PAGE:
Epigenetic Modification as an Enabling Mechanism for Leukemic Transformation
Cancer is now thought of as a fundamentally genetic disease, in that changes in the genome result in aberrant gene expression of oncogenes and tumor suppressor genes to promote oncogenesis. However, with our increasing knowledge of gene regulation, it is becoming obvious that changes in nucleotide sequence are not the sole mechanism for eliciting changes in transcription. An additional layer of regulation of gene expression, called epigenetics, is now being realized as increasingly important in oncogenesis. Epigenetics is defined as non-sequence based changes in chromatin that elicit changes in gene expression that are propagated through mitosis and/or meiosis. The alleles of the genes containing these epigenetic marks are termed epialleles. Epigenetics has been linked to cancer since 1983 by the work of Andy Feinberg and Bert Vogelstein (1-2), but has largely remained in the shadows. These changes in chromatin are now at the forefront of research in the field of oncogenesis, both as mechanisms of oncogenesis and as prognostic indicators of cancer risk. Leukemia, due to the defects in cellular differentiation associated with the disease, has important connections to epigenetic gene regulation. Cellular differentiation has been studied as a model system for epigenetic gene control in Drosophila. Homeobox genes in the antennapedia (3) and bithorax (4, 5) gene clusters have long been known to be regulated by trithorax group (trxG) and Polycomb group (PcG) of genes, which regulate transcription through chromatin remodeling mechanisms. The ectopic expression of the mammalian homologs of the homeobox genes has been linked to leukemic transformation since 1988 (6), and has continued to show extensive connections (7-14). These connections that leukemia has with cellular differentiation make this group of diseases amenable to exploring the mechanisms of epigenetic gene regulation as they pertain to oncogenesis. This review will examine leukemia, with an emphasis on myelogenous leukemia, as a defect in cellular differentiation and examine possibilities of epigenetic gene regulation of oncogenes and tumor suppressor genes.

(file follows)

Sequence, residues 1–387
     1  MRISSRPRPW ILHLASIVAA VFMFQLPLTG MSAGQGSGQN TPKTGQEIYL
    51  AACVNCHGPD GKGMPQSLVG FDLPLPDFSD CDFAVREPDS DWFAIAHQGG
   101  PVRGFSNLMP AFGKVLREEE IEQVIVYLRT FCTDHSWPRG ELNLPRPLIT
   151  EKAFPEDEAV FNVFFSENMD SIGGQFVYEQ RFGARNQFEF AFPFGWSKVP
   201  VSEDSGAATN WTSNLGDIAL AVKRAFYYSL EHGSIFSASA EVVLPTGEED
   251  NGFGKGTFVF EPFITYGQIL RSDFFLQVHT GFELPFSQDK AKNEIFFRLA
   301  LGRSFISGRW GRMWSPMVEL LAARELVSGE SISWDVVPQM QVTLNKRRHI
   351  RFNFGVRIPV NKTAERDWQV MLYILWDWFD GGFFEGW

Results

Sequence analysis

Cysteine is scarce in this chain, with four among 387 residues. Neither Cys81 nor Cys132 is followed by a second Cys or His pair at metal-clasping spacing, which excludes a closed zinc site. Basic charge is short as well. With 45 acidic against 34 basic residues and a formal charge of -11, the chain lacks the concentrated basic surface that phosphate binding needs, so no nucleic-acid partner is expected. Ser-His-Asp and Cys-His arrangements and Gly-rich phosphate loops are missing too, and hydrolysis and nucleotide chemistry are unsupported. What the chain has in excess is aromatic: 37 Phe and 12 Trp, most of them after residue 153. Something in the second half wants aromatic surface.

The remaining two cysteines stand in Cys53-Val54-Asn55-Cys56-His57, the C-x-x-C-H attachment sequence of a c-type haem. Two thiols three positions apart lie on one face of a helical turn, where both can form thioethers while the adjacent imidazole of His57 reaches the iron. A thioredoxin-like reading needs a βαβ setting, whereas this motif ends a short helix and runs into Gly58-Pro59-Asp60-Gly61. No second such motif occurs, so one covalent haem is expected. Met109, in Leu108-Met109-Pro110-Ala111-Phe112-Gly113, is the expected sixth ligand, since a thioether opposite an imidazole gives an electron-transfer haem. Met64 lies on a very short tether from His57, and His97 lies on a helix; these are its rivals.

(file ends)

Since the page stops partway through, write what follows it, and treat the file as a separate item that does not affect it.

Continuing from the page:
Sollars, VE. Epigenetic modification as an enabling mechanism for leukemic transformation, Frontiers of Bioscience, 2005; 10:1635-1646.